**Quantum correlations and device-independent quantum information processing**

As proved by Bell in 1964 in his seminal theorem, quantum correlations are incompatible with a description in terms of local hidden variable (LHV) models. The origin of Bell's result can be traced back to another milestone in the conceptual development of quantum mechanics, the EPR paper where a thought experiment is proposed to prove the apparent incompleteness of quantum mechanics, which then would emerge as an effective theory of an underlying LHV model. It was not until Bell's theorem that the EPR thought experiment could be put into an experimentally testable ground. Bell observed that even absent of any detailed information about the physical processes involved — an approach known nowadays as device-independent — the EPR assumptions alone imply experimentally testable constraints on the correlations that can arise from any local realistic description of nature. These constraints are the famous Bell inequalities, which are violated by quantum correlations, the phenomenon known as quantum nonlocality.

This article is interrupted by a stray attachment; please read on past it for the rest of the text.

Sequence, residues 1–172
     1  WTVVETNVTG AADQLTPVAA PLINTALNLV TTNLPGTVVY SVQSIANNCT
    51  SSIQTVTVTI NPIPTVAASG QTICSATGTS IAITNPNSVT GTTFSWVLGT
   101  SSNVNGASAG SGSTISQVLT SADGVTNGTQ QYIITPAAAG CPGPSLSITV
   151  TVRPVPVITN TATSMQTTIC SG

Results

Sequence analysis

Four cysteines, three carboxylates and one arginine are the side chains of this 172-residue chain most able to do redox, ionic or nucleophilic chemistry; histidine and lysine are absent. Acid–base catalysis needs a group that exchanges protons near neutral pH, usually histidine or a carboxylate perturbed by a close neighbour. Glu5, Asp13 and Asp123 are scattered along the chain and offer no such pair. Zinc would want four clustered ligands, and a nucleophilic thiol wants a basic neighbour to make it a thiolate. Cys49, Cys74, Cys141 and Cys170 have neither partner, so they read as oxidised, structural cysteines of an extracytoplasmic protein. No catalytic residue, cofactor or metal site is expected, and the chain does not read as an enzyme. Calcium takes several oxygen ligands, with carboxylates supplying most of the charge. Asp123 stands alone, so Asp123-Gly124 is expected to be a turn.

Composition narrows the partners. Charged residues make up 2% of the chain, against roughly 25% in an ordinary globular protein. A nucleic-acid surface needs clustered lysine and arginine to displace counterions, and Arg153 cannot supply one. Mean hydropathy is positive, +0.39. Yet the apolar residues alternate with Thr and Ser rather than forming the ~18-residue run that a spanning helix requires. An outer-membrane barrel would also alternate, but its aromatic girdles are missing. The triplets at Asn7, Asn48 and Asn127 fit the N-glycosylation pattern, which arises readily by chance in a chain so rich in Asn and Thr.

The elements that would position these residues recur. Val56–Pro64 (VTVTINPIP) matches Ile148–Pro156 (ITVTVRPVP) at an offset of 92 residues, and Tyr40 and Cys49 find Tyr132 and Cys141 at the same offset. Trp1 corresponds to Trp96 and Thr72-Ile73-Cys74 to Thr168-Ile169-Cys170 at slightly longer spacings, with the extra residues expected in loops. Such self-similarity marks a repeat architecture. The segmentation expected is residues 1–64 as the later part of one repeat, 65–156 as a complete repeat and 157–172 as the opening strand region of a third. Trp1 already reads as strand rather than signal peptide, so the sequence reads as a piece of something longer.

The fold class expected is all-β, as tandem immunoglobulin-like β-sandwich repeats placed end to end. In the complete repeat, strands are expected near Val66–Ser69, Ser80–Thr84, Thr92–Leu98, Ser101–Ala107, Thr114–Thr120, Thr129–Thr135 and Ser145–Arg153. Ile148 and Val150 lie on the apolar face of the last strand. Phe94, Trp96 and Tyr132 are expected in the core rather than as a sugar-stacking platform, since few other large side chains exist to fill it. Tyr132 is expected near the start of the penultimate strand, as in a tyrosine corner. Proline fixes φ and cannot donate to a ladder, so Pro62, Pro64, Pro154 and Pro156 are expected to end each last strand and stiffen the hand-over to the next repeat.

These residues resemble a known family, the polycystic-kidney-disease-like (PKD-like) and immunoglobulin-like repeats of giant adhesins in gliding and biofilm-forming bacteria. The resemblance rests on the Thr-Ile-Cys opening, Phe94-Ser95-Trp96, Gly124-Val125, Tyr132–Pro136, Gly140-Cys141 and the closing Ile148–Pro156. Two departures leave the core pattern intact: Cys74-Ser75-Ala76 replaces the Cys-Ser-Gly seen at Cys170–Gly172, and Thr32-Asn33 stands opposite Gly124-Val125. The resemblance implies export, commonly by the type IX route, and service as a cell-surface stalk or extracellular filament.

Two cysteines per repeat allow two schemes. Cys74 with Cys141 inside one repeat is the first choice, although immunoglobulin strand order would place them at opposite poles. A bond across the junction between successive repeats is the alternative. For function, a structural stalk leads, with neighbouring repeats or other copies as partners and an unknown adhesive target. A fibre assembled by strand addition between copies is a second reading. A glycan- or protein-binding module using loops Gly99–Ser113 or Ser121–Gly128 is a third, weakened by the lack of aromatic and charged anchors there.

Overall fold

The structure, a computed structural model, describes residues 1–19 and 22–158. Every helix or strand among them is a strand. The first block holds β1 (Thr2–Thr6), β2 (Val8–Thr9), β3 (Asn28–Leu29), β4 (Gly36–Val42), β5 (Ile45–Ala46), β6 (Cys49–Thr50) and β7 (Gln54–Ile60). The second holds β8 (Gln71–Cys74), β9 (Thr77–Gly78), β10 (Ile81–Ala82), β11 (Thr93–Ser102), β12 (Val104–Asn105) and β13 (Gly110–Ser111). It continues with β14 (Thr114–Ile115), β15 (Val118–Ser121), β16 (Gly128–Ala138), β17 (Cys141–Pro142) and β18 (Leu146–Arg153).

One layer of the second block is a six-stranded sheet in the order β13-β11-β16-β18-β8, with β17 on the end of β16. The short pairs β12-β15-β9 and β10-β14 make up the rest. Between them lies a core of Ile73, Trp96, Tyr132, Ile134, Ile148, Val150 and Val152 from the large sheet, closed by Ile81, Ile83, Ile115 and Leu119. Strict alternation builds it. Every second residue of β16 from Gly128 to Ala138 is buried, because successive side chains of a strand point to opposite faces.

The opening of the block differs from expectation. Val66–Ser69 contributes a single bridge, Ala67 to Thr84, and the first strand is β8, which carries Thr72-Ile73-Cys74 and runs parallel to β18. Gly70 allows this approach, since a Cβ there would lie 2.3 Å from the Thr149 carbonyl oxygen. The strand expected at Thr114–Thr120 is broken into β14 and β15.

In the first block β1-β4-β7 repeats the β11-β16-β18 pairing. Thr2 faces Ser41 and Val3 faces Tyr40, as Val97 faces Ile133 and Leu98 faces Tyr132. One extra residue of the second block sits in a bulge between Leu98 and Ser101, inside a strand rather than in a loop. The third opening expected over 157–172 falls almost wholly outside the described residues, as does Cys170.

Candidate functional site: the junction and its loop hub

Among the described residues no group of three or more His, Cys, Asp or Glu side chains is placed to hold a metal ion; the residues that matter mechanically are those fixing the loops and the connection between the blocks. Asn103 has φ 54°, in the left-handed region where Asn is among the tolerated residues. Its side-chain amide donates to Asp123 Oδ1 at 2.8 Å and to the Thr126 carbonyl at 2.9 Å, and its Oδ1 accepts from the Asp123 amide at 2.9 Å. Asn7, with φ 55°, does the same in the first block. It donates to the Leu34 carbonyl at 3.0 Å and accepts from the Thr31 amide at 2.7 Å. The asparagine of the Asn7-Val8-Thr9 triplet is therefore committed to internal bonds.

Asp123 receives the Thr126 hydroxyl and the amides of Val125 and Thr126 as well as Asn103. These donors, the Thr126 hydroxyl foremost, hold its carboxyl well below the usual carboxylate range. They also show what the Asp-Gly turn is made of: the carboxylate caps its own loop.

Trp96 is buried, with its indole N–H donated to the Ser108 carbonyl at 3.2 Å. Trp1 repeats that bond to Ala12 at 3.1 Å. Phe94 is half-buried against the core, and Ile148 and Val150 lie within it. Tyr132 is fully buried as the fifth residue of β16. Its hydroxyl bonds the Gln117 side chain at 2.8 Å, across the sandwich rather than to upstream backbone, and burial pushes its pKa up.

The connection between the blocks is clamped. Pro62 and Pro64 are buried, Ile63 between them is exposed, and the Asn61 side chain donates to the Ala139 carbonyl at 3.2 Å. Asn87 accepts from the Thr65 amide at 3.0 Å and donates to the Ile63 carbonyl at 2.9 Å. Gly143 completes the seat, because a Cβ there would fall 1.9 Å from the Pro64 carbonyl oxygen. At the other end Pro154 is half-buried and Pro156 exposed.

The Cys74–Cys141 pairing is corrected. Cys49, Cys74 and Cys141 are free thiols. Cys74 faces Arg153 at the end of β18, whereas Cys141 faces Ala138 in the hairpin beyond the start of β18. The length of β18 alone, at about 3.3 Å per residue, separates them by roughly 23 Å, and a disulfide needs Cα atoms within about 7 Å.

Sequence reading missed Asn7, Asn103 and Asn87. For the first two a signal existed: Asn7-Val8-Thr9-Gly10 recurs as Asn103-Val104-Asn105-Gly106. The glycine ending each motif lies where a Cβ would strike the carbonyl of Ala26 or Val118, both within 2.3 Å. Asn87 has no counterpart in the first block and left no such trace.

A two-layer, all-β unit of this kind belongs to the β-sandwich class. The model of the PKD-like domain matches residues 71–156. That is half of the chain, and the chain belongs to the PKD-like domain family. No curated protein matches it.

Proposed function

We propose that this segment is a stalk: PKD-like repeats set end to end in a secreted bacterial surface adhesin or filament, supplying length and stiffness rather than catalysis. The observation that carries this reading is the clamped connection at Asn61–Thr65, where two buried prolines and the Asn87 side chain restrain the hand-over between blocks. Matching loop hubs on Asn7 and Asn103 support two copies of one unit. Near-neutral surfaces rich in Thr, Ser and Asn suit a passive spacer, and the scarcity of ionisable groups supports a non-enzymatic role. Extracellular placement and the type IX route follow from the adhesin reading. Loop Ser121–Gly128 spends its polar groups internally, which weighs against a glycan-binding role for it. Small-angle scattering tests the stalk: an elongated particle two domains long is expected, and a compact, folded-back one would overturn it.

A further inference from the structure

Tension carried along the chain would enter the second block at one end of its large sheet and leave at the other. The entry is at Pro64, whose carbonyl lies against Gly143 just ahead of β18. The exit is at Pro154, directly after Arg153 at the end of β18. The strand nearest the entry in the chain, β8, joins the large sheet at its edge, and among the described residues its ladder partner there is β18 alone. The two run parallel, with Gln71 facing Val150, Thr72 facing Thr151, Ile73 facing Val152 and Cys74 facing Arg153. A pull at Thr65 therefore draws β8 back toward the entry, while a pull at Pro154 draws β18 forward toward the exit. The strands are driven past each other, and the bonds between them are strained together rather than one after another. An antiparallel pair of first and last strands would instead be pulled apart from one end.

In our group we investigate generalizations of Bell's theorem to a broad variety of relevant scenarios, also trying to understand how to use these non-classical correlations as physical resource in device-independent applications ranging from universal quantum computation to quantum cryptography, randomness generation and efficient distributed computing over complex networks .

**Open ****Quantum Systems**

The development of quantum information theory has established, beyond doubt, the fact that quantum mechanical systems allow for a wide variety of new possibilities in the processing of information. However, under realistic situations where actual applications take place, systems are unavoidably subject to noise and other uncontrollable source of errors.

In our group we are interested in characterizing and probing the resilience of quantum resources in the presence of noise and in particular to develop ways to circumvent its deleterious effects. This research thread include topic as entanglement and non-locality dynamics, quantum metrology in the presence of noise and quantum control.

**Causal Modeling**

It is a relatively new insight of classical statistics that empirical data can contain information about causation rather than mere correlation. Since its development in the mid-90s, causal inference has found applications in the most diverse fields and more recently has been proven to provide a powerful framework for revisiting and generalizing many of the cornerstones of quantum theory. Yet, the connection between the mathematical theory of causality and problems in quantum information remains in its infancy, offering a largely unexplored territory for both fundamental and applied research.